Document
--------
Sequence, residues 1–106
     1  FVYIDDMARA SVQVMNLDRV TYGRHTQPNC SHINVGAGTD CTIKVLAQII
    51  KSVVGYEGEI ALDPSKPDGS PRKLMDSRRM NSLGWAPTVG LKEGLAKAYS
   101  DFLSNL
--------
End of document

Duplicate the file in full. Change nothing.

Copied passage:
Sequence, residues 1–106
     1  FVYIDDMARA SVQVMNLDRV TYGRHTQPNC SHINVGAGTD CTIKVLAQII
    51  KSVVGYEGEI ALDPSKPDGS PRKLMDSRRM NSLGWAPTVG LKEGLAKAYS
   101  DFLSNL